As a devout believer in Christ, on this day following Christmas, my thoughts turn to the cherished Biblical story of the humble Roman Centurion.  Fearful for the life of his sick servant, he asked that the local religious leaders beseech Christ to heal him.  As Jesus proceeded to the Centurion’s home in response, the Centurion had his friends meet Christ and say to him: “Lord trouble not thyself: for I am not worthy that thou shouldest enter under my roof: Wherefore neither thought I myself worthy to come unto thee: but say in a word, and my servant shall be healed.”  This, the Centurion’s amazing reverence—for one who claimed himself to be the Son of God, the Messiah, and heir to David’s throne—was almost unique.  Most of those around Christ disbelieved, some mocked, and some plotted his death.  The Centurion’s deep humility and reverence were rewarded: “And they that were sent, returning to the house, found the servant whole that had been sick.”[i]

Christians, like Jews, Moslems, Buddhists, Hindus and other believers have great reverence and respect for the founders of their religions.  They believe blessings here and a better life hereafter are made available by these holy persons.  Because believers so devoutly reverence these central figures of their religions, it is obvious that they will be offended when those figures are subjected to vulgar abuse and ridiculed.  In America, where free speech is so prized, people have a broad right to express offensive views.  While courts have recognized that some insults are so blatant and offensive that they are “fighting words” and thus fall outside the Constitutional protection for free speech, it is a very narrow exception.[ii]  The fact that we have a right to be offensive doesn’t make it right, however, any more than the ability to commit adultery makes adultery acceptable or the right to have an abortion makes abortion normal.  Our right to disagree should not be expressed in terms that are deliberately offensive.  Disrespect for others, while possibly entertaining, ultimately lessens respect for the speaker.  It is difficult to respect those who deliberately insult the religious views of others.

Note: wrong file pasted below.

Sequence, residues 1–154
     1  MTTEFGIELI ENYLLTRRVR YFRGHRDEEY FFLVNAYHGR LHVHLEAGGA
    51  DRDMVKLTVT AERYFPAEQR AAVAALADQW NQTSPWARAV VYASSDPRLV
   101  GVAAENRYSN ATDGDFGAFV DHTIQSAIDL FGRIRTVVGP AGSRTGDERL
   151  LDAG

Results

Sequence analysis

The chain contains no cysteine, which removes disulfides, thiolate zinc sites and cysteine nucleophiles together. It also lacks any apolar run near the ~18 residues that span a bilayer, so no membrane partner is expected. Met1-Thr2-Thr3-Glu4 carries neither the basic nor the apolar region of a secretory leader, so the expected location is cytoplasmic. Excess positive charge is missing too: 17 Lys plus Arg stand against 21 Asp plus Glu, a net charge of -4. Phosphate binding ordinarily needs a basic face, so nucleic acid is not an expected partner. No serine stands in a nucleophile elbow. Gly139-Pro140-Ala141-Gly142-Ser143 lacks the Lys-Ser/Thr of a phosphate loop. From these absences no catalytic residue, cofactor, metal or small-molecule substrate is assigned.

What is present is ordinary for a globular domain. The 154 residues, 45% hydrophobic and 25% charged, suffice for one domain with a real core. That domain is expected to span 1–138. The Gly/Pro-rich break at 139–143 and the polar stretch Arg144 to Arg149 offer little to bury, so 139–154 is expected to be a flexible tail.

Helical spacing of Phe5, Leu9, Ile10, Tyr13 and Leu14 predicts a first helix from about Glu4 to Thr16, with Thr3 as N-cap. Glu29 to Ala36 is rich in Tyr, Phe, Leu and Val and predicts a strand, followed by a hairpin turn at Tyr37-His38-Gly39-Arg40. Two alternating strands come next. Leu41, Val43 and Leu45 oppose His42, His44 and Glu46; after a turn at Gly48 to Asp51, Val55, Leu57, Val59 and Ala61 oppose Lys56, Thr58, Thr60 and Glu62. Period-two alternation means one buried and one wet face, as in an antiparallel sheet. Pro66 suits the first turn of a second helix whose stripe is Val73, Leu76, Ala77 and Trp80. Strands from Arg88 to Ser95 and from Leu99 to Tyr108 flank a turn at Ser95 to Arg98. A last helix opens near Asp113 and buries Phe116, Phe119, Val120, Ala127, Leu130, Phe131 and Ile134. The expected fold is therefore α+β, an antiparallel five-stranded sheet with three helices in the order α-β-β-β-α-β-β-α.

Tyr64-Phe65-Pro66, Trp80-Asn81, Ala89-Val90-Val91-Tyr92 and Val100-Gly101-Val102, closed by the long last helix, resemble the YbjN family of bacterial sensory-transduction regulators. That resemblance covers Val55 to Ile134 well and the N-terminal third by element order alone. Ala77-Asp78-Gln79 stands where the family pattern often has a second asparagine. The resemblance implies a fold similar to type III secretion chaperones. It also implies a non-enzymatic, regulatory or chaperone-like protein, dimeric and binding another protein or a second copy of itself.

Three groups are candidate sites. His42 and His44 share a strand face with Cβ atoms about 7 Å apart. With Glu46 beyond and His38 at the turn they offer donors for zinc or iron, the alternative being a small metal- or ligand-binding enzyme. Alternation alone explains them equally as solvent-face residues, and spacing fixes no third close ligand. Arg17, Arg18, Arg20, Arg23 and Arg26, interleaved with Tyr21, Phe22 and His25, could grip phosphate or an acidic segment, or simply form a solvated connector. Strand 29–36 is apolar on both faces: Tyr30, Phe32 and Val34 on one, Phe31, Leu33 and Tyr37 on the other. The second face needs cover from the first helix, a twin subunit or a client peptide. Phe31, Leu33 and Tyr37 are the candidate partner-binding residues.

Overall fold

Christians believe the God who created them came to earth to suffer immeasurable pain on their behalf in order to save them from their sins.  He chose to be born in the humblest of circumstances and never sought nor obtained any earthly honors.  There is the story of the young man who came to Christ, fell at his feet in worship, and asked what he must do to obtain eternal life.  Christ, “loving him”, gave the young man an answer that was very direct but difficult to achieve.  One thing that is so significant about the story is that the young man “went away grieved” because he could not bring himself to do what was asked.[iii]  There is no hint that Christ intended to force this young man, or anyone, to do anything.  Admittedly and sadly, some of the worst deeds done in human history have been motivated by religious beliefs, but Christ himself taught only that “Inasmuch as ye have done it unto one of the least of these my brethren, ye have done it unto me.”[iv]  No one can justify the persecution of others based on what Christ taught.

May we who are Christians be more like the Centurion—genuinely feeing and expressing a deep reverence for Christ.  May we all be respectful in our expressions regarding the founders of the other great religions of our day.  And may our hopes and faith for a better world here and hereafter be realized.

[i]   King James Bible, Luke 7:2-10

[iii] King James Bible, Mark 10:17-22

[iv] King James Bible, Matthew 25:40

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